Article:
By Clara Gaymard, President, Women’s Forum for the Economy & Society
Digital disruption, driven by the technological revolution, has overturned traditional economic models and opened the way to unbridled expansion, beyond borders and preconceptions. Leaving us wonder: Is the sharing economy a sharing world? That is the starting point and the theme we have chosen for the 12th edition of the Women’s Forum Global Meeting, taking place 30 November - 2 December in Deauville.
The sharing economy has been heralded as a business mega-trend, with global revenues set to rise from USD 15 billion today to USD 335 billion by 2025. And it’s not in just the United States where “collaborative consumption” and “P2P exchanges through technology” have taken hold. In Europe, Brazil and even China, people are proving happy to hop into strangers’ cars, welcome them into their homes, join them for dinner, and rent them clothing, cars, boats, and power tools.
Fast-growing corporations are riding this wave of innovation, blowing past traditional companies and scoffing at old ways of doing business. Start-ups that didn’t exist five years ago, with their cramped offices and a few dozen employees, are watching their share prices go through the roof, outpacing that of companies with staffs numbering in the hundreds of thousands. But the real revolution lies in how these new-era businesses are realigning priorities for employees, suppliers and customers, and by extension, for communities and for the planet.
Old-style companies waited for big decisions to come from on high. More often than not those decisions were motivated by one short-term objective: to bump up the company’s share price, or perhaps to stop if from sliding downwards. The new-gen leaders, on the other hand, are more likely to play for their team, prioritise the welfare of colleagues, act on behalf of their communities, identify not only new markets for products but new ways to combat poverty, pollution, climate change…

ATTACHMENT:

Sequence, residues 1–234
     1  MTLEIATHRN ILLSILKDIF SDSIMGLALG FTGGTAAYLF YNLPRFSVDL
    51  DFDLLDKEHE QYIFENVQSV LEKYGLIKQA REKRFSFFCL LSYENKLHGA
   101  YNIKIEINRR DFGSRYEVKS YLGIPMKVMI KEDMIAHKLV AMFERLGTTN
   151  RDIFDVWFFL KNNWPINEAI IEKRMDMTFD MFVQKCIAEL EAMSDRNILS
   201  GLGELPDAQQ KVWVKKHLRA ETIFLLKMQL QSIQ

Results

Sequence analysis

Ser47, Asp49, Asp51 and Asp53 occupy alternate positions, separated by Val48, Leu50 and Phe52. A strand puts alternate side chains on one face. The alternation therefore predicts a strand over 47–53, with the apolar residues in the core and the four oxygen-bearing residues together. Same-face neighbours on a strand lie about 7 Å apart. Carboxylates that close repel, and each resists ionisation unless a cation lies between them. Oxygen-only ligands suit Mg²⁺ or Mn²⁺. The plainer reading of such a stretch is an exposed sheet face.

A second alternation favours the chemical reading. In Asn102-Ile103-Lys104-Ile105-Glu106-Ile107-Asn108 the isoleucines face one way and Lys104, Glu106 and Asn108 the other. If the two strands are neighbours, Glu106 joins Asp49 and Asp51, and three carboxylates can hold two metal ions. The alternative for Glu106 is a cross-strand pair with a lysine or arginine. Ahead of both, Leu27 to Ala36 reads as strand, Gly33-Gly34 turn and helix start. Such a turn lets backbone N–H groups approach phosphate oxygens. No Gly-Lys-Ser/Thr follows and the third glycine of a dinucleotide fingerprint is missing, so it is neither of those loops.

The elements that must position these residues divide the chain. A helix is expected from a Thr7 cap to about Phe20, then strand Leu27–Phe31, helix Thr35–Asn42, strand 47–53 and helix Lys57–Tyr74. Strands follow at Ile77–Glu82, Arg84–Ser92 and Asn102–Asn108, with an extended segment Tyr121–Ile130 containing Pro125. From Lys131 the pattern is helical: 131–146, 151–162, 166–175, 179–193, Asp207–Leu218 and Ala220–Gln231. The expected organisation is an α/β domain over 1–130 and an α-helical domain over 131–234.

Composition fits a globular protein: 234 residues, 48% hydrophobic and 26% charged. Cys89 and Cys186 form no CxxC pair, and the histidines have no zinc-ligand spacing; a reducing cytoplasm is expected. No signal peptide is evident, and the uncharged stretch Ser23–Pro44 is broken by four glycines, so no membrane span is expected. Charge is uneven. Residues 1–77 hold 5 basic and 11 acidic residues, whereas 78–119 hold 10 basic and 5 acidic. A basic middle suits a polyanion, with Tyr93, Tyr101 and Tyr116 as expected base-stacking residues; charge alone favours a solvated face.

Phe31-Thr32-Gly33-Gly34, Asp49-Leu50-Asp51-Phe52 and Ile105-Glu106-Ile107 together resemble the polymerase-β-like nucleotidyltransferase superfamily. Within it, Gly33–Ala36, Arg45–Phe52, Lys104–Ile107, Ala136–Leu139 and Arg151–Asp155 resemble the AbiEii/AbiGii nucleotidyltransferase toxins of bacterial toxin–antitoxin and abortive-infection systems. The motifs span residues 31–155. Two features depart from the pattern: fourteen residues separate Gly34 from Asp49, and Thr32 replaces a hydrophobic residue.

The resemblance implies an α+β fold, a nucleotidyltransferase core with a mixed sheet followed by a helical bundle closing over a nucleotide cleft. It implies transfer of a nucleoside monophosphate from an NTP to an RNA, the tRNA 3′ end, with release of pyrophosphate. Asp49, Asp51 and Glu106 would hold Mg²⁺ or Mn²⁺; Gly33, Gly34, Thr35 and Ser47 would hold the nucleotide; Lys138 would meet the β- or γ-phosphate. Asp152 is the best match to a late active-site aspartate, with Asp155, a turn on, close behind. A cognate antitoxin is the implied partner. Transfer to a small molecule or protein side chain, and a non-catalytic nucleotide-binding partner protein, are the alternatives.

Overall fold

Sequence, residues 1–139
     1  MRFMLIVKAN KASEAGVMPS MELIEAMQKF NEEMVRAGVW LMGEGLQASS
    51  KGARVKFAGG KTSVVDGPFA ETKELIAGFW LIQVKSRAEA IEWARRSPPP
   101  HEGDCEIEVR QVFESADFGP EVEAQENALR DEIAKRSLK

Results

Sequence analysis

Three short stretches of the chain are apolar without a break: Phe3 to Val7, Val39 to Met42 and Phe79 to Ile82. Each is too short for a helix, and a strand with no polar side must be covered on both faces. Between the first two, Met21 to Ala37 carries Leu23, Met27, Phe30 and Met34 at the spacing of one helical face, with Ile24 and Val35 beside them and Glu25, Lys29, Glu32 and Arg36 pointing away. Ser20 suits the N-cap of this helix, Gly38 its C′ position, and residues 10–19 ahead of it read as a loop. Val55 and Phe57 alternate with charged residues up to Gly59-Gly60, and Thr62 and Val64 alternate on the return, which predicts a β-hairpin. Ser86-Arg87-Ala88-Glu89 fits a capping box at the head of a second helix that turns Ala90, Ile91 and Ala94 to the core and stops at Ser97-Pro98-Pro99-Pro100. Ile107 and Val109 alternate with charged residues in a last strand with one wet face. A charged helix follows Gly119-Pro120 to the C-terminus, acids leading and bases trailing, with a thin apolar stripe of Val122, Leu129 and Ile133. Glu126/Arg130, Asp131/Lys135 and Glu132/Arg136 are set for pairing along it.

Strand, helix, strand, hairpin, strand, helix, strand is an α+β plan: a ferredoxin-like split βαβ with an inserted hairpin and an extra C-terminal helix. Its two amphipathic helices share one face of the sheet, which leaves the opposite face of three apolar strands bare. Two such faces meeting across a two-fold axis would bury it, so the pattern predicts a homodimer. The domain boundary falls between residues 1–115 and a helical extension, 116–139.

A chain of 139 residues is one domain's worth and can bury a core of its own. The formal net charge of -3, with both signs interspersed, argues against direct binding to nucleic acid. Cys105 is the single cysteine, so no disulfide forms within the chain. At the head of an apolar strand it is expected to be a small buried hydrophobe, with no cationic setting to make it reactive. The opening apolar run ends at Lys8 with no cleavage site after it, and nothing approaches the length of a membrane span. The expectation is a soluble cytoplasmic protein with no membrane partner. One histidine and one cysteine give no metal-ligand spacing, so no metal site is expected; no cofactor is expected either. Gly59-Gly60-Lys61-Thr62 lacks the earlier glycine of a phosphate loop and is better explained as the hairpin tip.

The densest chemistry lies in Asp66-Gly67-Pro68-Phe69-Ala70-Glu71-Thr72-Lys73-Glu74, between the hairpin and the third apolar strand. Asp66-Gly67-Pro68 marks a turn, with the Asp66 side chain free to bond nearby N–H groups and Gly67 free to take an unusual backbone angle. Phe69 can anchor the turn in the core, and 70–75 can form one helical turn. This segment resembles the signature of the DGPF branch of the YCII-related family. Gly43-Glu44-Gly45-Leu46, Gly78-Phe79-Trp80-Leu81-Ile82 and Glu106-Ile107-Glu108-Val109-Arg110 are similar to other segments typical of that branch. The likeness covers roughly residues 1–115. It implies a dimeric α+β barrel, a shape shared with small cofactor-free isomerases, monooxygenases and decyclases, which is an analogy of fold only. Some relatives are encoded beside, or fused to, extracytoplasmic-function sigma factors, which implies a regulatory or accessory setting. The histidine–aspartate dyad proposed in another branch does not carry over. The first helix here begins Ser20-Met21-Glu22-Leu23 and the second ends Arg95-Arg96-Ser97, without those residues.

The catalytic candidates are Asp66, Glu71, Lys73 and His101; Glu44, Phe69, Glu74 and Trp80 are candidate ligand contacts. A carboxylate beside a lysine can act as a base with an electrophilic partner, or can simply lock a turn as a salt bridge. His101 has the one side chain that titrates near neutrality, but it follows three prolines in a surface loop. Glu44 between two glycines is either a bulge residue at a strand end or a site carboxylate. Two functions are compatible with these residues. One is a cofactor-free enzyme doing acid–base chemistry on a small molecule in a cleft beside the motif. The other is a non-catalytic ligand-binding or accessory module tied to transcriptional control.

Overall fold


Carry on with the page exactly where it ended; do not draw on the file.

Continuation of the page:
Some of this may be wishful thinking, of course, but I have no doubt the digital era is presenting us with some fantastic opportunities for progress. So where do women stand in this new paradigm? For all the talk of diversity and gender parity, for all the legislation and voluntary quotas put in place, women are still under-represented at the highest levels in the public and private sectors. How can this slow progress be accelerated to open leadership positions to women? How can more women gain access to the boardroom and the C-suite?
Those are just a few of the questions we will be asking this year at the Women’s Forum Global Meeting in Deauville. We are not expecting to find a one-size-fits-all answer to the problem of persistent gender disparity. But we are very likely to come away with a better understanding of what the sharing economy is doing – and could be doing better – for women at every level of our economies and societies.
Join us at the 12th annual Women’s Forum Global Meeting 30 November – 2 December in Deauville, France. Click here to register at Women's Forum Global Meeting